Building a Museum Collection from the Ground Up

Museum collections are so often the product of serendipity and circumstance— accumulated over a long period of time, shaped by curators’ interests, particular exhibition needs, bequests and a myriad of other factors. But what about a museum starting from scratch?

WWII-era plane, The Spirit of Tuskegee, used to train the Tuskegee Airmen
The “Spirit of Tuskegee,” a World War II-era plane used in training the Tuskegee Airmen, seen over Tuskegee, Alabama. Captain Matthew Quy, a 35-year-old active-duty serviceman from Minnesota, bought the plane as a wreck on eBay. When he discovered its historic significance, he decided to restore it and donate it to the Smithsonian. This photo is from the plane’s final journey across the country, as Quy united with Tuskegee Airmen and participated in airshows and educational programs, while making his way to Washington, DC. Photo from

At the
Smithsonian Institution, where some of the collections were amassed more than 160 years ago, I’ve been following with great interest the development of the new National Museum of African American History and Culture (NMAAHC), due to open in 2015 and currently, as they say on their website, “busy creating their foundational collections.” No doubt the curators there have wish-lists and subject areas in which they want to collect, in order to be able to convey some of the essential stories of the African American experience. But collecting will also be influenced simply by what is available at this particular moment, or by what heirlooms or memorabilia people decide to share with the museum (NMAAHC has a donations form on their page to facilitate just such a thing). What other factors will shape the creation of this museum collection? Will we learn the history behind some of these acquisitions? So far there are only a few indications of the collections on the website, and not yet much data on the objects themselves. The place that the Smithsonian holds in the imagination of many in the USA often means that exceptional items—such as Harriet Tubman’s lace shawl and hymnal, and a two-seater plane used to train America’s first African American military pilots, the Tuskegee Airmen, in World War II—end up coming to the institution, often in very interesting, felicitous ways.

Portrait of George III by the Allan Ramsay studio
This portrait of George III, wearing the ermine and gold-silk robes he wore to his 1760 coronation, was painted by the studio of Allan Ramsay, official painter to the court. Still in its original frame, the enormous (more than eight feet by five feet) painting will serve as one of the anchors for the new exhibition spaces when the new Yorktown museum opens in 2016. It is now on view in “Jamestown’s Legacy to the American Revolution.” (Photo courtesy of the Jamestown-Yorktown Foundation)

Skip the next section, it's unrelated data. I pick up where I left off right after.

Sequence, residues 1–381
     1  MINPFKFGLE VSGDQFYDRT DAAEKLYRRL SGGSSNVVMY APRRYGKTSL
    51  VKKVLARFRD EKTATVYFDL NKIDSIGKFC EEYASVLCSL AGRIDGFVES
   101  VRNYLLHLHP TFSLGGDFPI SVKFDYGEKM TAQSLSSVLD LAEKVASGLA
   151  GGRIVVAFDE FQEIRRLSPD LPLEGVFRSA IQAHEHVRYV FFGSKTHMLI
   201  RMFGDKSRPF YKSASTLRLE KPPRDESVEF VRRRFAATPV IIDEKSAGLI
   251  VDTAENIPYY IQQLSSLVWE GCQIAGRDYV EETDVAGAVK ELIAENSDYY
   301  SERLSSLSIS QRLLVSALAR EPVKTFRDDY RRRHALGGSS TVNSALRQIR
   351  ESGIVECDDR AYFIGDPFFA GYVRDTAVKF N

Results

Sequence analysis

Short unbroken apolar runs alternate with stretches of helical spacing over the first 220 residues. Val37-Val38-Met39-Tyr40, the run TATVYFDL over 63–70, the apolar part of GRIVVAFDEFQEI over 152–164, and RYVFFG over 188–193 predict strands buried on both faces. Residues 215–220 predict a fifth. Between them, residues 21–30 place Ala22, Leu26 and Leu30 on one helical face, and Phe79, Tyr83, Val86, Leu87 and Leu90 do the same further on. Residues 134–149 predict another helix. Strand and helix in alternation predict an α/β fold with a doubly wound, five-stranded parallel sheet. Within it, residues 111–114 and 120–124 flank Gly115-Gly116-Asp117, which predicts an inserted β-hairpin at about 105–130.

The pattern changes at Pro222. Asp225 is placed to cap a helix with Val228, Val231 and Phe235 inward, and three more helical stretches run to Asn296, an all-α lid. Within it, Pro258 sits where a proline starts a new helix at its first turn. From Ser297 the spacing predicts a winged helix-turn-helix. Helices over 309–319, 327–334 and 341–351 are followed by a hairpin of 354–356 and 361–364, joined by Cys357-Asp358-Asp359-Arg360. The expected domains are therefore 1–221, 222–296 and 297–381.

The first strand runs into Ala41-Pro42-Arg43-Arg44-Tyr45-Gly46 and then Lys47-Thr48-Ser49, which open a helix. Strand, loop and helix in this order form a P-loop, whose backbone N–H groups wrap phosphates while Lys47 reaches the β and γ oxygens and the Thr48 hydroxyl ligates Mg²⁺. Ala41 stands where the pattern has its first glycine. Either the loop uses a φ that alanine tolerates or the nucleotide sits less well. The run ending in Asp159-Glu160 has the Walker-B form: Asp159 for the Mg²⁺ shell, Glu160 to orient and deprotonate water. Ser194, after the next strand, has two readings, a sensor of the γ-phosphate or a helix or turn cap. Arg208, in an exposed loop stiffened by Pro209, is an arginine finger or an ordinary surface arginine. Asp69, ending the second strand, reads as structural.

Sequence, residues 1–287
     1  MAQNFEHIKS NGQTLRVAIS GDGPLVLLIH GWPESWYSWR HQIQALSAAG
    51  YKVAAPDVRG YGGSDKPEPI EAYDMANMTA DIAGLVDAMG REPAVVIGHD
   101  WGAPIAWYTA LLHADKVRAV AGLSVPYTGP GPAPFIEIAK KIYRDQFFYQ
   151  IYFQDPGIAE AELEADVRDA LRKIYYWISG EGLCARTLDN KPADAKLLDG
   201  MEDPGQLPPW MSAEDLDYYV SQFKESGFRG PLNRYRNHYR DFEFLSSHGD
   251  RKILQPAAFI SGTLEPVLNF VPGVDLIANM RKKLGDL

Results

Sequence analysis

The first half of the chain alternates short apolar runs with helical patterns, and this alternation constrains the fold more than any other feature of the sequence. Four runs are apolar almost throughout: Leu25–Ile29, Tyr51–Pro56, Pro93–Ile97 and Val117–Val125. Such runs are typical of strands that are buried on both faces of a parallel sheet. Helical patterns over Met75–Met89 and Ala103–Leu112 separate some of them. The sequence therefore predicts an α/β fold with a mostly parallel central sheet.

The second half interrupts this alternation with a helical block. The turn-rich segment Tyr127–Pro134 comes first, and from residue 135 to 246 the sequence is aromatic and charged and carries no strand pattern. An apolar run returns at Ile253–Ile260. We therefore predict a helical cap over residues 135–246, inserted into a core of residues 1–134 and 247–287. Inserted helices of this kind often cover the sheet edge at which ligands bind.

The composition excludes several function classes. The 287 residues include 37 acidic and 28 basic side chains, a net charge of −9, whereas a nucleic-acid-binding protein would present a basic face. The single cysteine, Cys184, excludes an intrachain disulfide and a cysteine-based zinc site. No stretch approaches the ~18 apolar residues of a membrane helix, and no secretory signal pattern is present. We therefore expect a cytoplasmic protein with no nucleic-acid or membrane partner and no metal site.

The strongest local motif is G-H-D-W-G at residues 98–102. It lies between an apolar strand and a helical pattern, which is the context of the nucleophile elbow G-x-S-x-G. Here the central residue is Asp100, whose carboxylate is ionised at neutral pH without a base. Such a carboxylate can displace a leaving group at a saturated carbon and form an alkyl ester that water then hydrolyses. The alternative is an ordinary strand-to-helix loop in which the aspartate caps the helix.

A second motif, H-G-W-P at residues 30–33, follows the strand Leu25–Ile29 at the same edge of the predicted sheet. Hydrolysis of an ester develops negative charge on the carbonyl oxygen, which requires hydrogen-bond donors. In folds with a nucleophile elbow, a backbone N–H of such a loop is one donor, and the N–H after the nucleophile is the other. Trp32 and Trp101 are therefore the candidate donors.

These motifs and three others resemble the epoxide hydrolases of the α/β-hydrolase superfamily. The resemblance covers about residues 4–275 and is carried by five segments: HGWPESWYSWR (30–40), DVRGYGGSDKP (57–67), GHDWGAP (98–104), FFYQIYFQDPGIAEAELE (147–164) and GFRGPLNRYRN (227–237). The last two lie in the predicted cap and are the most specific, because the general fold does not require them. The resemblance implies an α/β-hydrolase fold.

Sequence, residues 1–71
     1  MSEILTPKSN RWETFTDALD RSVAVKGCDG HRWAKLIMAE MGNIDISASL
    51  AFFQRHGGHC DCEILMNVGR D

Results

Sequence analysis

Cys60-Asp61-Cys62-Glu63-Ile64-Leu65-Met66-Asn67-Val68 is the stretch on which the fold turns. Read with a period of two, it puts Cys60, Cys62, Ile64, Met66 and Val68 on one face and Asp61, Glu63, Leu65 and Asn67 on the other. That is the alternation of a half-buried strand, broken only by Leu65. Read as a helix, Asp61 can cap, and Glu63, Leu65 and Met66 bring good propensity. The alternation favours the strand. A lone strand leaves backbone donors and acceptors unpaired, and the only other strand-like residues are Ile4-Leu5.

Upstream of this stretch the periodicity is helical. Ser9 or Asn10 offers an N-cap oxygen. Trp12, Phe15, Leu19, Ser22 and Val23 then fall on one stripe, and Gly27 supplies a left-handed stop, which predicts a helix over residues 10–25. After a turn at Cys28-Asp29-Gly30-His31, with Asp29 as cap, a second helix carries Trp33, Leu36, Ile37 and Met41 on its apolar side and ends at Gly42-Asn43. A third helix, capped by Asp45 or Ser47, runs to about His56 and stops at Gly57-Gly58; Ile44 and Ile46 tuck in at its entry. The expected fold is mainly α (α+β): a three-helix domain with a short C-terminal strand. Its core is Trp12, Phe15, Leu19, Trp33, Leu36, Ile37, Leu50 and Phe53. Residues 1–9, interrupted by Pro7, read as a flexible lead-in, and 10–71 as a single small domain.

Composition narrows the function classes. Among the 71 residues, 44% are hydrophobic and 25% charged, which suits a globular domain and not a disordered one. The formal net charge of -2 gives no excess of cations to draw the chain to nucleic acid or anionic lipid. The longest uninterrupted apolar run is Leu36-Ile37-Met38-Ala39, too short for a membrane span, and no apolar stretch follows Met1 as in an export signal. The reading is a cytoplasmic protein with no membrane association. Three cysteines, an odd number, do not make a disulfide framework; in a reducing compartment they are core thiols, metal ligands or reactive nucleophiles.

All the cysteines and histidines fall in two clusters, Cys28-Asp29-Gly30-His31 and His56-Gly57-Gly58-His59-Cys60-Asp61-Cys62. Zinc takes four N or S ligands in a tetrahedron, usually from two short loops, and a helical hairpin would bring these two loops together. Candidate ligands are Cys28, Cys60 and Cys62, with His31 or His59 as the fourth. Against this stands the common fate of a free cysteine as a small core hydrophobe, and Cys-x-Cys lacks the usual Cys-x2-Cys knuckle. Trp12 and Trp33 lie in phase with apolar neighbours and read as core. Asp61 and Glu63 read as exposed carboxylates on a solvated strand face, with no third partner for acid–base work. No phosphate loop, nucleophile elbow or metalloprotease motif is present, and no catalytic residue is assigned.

“Jamestown’s Legacy to the American Revolution,”
an exhibition that opened this month at the Jamestown Settlement offers a window into another museum collection that is, in a way, being built from the ground up. The Yorktown Victory Center was established in 1976 as part of the Bicentennial celebrations around the country. Now the state-run organization is busy constructing a large new museum facility, to be opened in 2016, to be called the American Revolution Museum at Yorktown. With this new branding comes a larger remit, to interpret the American Revolution from a variety of perspectives, examining as well the issues that led to it and the new nation that emerged from it. The new galleries will feature immersive environments, interactive exhibits and other technological tools, as well as a large outdoor living history encampment. The re-conception of the museum has also necessitated an extensive acquisition program. Some sixty of these new objects—furniture, weapons, sculpture, documents, and other items—are being featured in this new exhibition, which runs until early 2014. Yorktown’s website offers a glimpse of some of these new artifacts, and they have also put together several excellent videos highlighting some of their key acquisitions, such as this coronation portrait of George III and an extraordinary life-size plaster copy of Houdon’s statue of George Washington that once stood in the U.S. Capitol (the marble original can be found today in the Virginia State Capitol). But as with the NMAAHC website, it seems that there is still quite a bit of room here to engage the public by sharing stories about the process of building a new museum. I look forward to watching both these sites over the next few years.

Life-size plaster statue of George Washington—William James Hubard (1850s)
This life-size plaster statue of George Washington was made in the 1850s by William James Hubard. It is a copy of the late 18th-century marble statue by Jean-Antoine Houdon. A gift of the Library of Virginia, it is now on view in “Jamestown’s Legacy to the American Revolution.” (Photo courtesy of the Jamestown-Yorktown Foundation)

Visit Journey to the Smithsonian: “Spirit of Tuskegee” at